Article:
Sri Lanka in England 2014 June 25, 2014

The rise of Mathews and Eranga

Sri Lanka's marks out of ten, for the Test series against England


Angelo Mathews (306 runs at 76.50, 4 wickets at 24.75)

A fighting hundred and a stony rearguard at Lord's, then the innings of his career at Headingley His 160 is the stuff of legend - the kind of knock that transformed Sri Lanka's position in the game and lurched them towards their first series win against a top-eight team outside Asia, since 1995. Two other Sri Lanka batsmen have made great hundreds in England - Sidath Wettimuny in 1984 and Mahela Jayawardene in 2006 - but if this series win can kickstart a Sri Lanka resurgence in Tests, Mathews' innings may be seen as the best of the lot. His bowling was useful as well, and though his captaincy is still a work in progress, there were signs of improvement, particularly at Headingley.


Kumar Sangakkara (342 runs at 85.50)

If ever a Sri Lanka batsman deserves to be called a run machine, it is Sangakkara. In the last few years, his cricket has achieved a clinical excellence that few have managed. He was desperate to have his name on the Lord's honours board, and was uncompromising with his focus in that innings. He did his part to draw that Test, in the second innings, then hit two fifties to help out at Headingley. Having redressed his poor record in England, he is now undoubtedly on the level of Ponting, Tendulkar, Lara and Kallis. Anyone who argues otherwise is not paying attention.


Shaminda Eranga (11 wickets at 32.45)

Had a poor outing at Lord's, perhaps thanks to three-month gap between competitive matches, but recovered beautifully to bowl Sri Lanka's spell of the match in the second innings, one that delayed the England declaration and effectively helped save the game. His unerring second-day toil may be overlooked in years to come, but make no mistake - that is where the match turned for Sri Lanka. They need a long-term pace spearhead. Eranga seems to be the man for the job.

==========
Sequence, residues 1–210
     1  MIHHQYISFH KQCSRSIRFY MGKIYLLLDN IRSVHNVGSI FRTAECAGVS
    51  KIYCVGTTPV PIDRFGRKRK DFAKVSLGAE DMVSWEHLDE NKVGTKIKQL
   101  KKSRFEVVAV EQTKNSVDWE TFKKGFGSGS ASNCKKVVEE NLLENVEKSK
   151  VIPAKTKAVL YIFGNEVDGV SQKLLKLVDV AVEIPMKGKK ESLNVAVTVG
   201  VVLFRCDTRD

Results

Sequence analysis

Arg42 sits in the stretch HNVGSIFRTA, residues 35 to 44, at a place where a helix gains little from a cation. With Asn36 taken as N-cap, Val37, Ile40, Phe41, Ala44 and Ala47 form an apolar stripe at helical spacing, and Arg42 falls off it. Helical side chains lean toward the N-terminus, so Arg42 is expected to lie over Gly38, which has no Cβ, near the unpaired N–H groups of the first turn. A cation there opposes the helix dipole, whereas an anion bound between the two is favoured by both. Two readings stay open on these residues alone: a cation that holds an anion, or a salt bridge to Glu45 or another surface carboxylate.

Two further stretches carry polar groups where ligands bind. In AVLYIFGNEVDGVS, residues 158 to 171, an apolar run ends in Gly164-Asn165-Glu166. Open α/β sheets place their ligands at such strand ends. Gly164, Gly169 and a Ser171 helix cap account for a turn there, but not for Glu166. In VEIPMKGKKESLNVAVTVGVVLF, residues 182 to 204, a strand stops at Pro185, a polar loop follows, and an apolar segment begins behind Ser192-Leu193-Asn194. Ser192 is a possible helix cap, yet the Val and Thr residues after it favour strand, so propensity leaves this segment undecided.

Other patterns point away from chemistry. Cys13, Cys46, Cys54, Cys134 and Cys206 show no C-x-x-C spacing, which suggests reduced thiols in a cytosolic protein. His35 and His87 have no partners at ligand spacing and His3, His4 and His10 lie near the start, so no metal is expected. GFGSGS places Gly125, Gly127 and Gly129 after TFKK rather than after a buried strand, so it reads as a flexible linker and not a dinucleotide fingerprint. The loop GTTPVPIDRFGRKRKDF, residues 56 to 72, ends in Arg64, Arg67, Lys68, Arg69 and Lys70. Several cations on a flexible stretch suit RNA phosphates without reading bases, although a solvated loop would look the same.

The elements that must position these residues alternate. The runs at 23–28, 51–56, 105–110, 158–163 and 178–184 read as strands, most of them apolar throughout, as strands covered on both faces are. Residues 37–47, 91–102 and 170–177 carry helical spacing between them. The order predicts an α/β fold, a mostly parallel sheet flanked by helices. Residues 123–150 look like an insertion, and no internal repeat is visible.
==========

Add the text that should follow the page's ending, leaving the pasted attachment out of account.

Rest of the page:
Mahela Jayawardene (174 runs at 43.50)

His returns here are too modest to improve his overall away record, but his two fifties came in trying times for Sri Lanka, and as ever, his runs are worth more than most. He was tried with the short ball throughout the series, and often, he took the field and the bowling on. Mathews may be captain on paper, but Jayawardene remains the most obvious on-field marshal. He has also completed more Test catches now than all but two other players.


Kaushal Silva (146 runs at 36.5)

Twin fifties at Lord's helped further embed Silva in the side, though more would definitely have been expected at Headingley. He left on length as well as line, and played the tightest of all Sri Lanka batsmen in the series. Importantly, as a short opening batsman, he also proved he can handle the bouncer barrages he will no doubt face at this level, all through his career. Sri Lanka will give him a long stint atop the order.